How Humans Came to Loneliness



Doug Ramspeck

They woke to the primal sway
of grass, cold fire. Here was

a light rain falling from the eyelid
of the sky. Naked or draped in

a sacristy of animal skins,
they understood each ancient

gesture and ritual, studied the land
as though it were an iris of grass

and weeds. Something was calling there,
protesting, death embalming itself

in a language of morning light.
Or maybe they stood watching

a tree stump—broken off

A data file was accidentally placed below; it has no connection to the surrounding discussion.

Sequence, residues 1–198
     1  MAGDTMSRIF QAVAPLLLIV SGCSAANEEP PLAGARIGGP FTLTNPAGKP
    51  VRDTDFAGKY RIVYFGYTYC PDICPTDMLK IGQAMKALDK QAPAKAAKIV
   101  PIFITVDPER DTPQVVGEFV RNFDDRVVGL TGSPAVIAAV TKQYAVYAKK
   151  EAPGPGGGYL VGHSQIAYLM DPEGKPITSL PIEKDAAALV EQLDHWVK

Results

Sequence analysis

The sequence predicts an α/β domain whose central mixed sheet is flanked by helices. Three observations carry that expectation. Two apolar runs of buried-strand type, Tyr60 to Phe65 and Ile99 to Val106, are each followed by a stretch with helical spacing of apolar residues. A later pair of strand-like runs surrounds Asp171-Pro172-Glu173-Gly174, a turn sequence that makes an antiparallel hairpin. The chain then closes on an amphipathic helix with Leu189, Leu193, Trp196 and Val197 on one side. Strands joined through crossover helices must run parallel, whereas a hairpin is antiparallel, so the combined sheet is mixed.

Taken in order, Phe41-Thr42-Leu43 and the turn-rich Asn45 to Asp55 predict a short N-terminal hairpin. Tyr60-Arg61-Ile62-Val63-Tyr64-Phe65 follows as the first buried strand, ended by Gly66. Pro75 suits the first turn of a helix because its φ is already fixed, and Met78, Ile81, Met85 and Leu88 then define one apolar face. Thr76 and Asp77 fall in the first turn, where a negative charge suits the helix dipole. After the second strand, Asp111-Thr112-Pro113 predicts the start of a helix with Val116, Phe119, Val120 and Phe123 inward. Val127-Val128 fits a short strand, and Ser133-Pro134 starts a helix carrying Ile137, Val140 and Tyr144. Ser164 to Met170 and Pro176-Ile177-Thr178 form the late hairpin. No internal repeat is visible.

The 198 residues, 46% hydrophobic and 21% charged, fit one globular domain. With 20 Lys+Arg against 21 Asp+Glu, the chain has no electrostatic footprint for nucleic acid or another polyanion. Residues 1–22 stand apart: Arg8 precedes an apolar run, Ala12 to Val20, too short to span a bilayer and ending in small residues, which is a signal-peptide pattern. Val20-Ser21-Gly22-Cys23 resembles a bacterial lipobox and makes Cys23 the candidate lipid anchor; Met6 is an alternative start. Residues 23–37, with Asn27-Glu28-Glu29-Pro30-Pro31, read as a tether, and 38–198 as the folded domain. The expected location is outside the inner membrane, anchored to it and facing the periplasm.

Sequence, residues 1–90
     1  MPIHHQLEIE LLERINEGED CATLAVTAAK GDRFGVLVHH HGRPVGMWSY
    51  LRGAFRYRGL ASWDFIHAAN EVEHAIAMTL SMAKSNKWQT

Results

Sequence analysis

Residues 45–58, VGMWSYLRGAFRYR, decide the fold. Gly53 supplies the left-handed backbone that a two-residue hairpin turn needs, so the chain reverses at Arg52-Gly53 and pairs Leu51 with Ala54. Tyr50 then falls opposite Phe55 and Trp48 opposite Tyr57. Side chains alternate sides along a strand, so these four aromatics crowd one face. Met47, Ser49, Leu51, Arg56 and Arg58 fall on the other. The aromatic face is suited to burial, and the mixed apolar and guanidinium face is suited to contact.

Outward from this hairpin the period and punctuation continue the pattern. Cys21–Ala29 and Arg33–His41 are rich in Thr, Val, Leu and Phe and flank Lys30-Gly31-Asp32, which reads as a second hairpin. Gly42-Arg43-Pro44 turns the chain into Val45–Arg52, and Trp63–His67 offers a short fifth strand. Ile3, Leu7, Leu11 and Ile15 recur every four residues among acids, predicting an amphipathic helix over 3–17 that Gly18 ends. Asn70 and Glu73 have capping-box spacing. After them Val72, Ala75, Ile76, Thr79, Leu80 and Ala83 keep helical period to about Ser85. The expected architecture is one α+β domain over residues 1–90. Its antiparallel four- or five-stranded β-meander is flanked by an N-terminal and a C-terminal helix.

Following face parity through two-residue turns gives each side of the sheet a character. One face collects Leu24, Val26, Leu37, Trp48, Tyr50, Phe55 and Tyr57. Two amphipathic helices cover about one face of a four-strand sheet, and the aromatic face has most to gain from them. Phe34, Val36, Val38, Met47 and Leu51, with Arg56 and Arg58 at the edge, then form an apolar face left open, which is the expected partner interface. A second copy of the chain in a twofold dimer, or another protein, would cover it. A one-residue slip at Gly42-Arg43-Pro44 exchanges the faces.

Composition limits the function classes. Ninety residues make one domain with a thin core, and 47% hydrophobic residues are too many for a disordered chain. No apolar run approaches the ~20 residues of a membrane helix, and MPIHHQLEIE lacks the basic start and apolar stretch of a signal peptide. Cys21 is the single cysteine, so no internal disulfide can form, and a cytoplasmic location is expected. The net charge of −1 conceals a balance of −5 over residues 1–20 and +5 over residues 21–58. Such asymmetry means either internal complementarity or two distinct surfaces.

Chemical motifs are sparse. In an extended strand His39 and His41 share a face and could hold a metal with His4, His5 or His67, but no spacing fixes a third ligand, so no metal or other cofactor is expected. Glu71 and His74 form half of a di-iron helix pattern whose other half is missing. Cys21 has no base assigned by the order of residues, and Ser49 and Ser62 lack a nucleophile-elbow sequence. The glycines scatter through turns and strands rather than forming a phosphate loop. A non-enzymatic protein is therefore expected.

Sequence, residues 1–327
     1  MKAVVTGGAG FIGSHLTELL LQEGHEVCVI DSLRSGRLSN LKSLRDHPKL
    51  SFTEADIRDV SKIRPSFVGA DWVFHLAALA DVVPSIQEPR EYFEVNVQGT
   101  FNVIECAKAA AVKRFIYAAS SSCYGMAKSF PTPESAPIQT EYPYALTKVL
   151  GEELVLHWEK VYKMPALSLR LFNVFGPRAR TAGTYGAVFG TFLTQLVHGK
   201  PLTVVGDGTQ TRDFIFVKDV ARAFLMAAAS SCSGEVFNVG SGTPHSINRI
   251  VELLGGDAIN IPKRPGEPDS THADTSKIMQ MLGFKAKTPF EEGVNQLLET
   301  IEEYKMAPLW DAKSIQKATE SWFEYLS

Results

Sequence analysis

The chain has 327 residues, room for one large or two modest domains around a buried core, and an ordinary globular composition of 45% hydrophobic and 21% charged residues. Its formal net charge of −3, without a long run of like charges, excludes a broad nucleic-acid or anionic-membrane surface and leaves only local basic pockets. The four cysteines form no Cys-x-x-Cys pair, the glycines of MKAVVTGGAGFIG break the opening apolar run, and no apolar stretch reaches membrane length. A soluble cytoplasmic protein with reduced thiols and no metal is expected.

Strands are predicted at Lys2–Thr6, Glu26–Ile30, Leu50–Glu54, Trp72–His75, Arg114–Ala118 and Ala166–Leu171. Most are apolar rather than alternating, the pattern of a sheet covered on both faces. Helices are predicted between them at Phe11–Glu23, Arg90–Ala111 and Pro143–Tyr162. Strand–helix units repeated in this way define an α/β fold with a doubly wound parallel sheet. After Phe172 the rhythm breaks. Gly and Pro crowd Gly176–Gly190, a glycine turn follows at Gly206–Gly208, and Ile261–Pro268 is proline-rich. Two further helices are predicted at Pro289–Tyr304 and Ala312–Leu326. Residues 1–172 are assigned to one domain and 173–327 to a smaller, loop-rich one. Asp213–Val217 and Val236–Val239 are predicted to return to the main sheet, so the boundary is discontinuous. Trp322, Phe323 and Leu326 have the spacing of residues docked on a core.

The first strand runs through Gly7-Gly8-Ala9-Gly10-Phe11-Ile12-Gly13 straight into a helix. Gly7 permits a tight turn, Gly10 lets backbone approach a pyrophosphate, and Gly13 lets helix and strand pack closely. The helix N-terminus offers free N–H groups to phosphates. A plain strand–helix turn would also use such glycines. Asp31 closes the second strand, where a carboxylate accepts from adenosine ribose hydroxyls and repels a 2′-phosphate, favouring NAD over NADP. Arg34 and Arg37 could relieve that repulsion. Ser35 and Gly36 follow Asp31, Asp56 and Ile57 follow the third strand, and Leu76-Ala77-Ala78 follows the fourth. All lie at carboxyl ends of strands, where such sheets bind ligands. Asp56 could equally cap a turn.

at the height of a man—the aortic sun

dipping low into the evening field.
All night the moon was a gray dove,

and they grew homesick for what
they did not know, for the garrisons

of hours marching out in unison.
And they loved in the manner that stars

watch through narrow slits above
the allusive stillness of the earth.